Patient receiving her flu shot

Science

Baptist Health Expert Answers FAQs on Flu Vaccines and COVID Boosters

The U.S. flu season is off to its busiest start in many years, adding to a rare mix of viruses that have been keeping hospitals and doctors busy, just as COVID-19 cases had begun to level off. But many people are still vulnerable to COVID during this flu season as families and friends return to large holiday gatherings.
 

Here are answers to frequently asked questions about the latest COVID booster and the flu vaccine from Madeline Camejo, M.S., Pharm.D., chief pharmacy officer and vice president of pharmacy services for Baptist Health South Florida.

Can flu vaccines and COVID-19 vaccines be co-administered and are there any risks?
Dr. Camejo: “Yes, absolutely – get one in each arm. It’s an efficient and effective way to make sure you’re protected. If you are one those folks that experience side effects after vaccination, and you are concerned about side effects from two shots at once, it’s perfectly fine to space out your COVID-19 booster and the flu vaccines. Just know that delaying one of the shots increases the risk that you will get sick before you’re protected.”

Who should get the latest booster vaccine?
Dr. Camejo
: “Everyone. We now know that after six months, the antibodies in our bodies start going down and the chances of getting infected start going up. The booster shot makes sure that our body again starts producing enough antibodies to be keep our bodies protected. You need to stay up-to-date with your vaccines. You should now get the new Bi-valent vaccines which are different from the original. The updated (Bi-valent) boosters are called “bivalent” because they protect against both the original virus that causes COVID-19 and the Omicron variants BA.4 and BA.5.”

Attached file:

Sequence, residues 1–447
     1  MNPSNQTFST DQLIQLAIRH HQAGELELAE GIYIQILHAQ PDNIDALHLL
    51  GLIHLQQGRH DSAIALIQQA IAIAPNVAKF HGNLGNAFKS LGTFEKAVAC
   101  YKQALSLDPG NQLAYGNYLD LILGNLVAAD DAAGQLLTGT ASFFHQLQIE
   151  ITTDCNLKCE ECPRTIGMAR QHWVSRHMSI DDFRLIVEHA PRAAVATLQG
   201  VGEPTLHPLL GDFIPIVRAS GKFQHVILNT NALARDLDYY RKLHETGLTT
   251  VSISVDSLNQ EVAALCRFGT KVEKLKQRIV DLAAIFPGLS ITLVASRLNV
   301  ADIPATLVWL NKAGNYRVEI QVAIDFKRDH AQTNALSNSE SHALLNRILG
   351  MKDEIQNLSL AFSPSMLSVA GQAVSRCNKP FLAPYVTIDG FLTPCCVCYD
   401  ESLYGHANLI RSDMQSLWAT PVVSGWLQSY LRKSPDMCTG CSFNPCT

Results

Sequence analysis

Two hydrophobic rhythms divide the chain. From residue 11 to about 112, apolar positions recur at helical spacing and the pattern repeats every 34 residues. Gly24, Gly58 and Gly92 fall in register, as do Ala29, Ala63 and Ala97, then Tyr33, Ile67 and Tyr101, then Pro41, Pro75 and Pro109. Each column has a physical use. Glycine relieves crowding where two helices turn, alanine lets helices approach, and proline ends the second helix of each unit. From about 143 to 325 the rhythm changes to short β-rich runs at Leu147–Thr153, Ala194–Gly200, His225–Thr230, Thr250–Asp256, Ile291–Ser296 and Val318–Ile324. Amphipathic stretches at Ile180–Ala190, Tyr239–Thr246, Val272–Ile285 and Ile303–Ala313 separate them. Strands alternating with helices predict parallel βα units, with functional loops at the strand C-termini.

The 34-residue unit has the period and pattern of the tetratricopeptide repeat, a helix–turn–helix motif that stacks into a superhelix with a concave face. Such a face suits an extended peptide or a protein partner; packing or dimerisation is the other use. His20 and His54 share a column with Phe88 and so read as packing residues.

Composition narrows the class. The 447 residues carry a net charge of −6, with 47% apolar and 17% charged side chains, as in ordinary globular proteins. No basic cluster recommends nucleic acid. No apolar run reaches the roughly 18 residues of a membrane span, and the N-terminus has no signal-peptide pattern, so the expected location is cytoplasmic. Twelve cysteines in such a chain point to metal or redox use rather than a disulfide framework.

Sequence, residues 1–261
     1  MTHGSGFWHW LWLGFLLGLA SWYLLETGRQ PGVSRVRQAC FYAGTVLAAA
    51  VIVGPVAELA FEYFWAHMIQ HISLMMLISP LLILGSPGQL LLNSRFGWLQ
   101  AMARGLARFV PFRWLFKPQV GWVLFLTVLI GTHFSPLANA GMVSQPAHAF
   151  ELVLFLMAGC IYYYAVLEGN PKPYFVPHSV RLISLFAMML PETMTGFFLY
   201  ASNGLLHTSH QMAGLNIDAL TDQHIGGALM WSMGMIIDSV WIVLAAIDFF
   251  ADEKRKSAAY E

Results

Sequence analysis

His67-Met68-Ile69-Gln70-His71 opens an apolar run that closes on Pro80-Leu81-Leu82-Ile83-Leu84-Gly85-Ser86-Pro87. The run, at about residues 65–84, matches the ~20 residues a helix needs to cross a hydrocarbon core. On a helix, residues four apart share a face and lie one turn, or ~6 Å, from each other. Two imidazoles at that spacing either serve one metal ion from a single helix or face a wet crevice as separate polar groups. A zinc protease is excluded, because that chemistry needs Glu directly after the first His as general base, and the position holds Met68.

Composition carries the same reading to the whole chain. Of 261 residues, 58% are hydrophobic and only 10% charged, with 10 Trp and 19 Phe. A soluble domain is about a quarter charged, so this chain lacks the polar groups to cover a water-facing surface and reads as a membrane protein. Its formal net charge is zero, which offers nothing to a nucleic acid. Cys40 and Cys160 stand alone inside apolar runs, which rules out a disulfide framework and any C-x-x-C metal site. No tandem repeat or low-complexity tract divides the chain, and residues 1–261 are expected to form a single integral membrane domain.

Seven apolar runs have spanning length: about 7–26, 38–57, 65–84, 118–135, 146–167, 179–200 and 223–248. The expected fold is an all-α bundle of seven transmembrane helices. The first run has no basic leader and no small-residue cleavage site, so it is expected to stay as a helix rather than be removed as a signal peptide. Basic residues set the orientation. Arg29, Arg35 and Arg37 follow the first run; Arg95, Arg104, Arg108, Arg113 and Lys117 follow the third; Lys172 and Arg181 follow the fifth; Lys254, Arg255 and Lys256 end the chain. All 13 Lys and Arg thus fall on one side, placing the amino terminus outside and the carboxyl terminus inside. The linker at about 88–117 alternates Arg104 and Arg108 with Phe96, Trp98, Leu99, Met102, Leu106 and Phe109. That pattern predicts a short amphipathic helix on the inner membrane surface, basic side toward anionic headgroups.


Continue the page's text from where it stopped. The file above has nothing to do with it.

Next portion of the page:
If someone has already been diagnosed with COVID within the last 6-12 months, should they get a booster?
Dr. Camejo:“Yes, you should get a booster regardless of whether you already had COVID-19 because research has not yet shown how long you are protected from getting COVID-19 again after you recover from COVID-19. Vaccination helps protect you much longer even if you’ve already had COVID-19. You should wait 3 months from the time you had symptoms to get your booster.”

If you have been fully vaccinated with one version of the vaccine, is it okay to receive a booster of a different vaccine? 
Dr. Camejo: “If you are asking whether you can get the Moderna booster when you originally got Pfizer — yes, you can mix or match COVID-19 boosters. Both do what is needed to protect us from getting Covid. You cannot mix the first 2 primary shots. After that, you can get any booster to stay protected.

How long should you wait between taking another booster vaccine? 
Dr. Camejo: “Always stay up to date with your vaccines. Speak to your healthcare provider on when is the best timing for you to receive additional booster. If you have not gotten the new bivalent booster, get it as soon as possible.”

Is it more effective to wait a longer time period since the most recent booster or Covid infection? 
Dr. Camejo: “If you have only received the first 2 primary doses, you need to get a booster as soon as possible. Please speak to your healthcare provider as to when you should be timing your vaccine boosters. Depending on your medical profile, some folks may need boosters sooner than others.”

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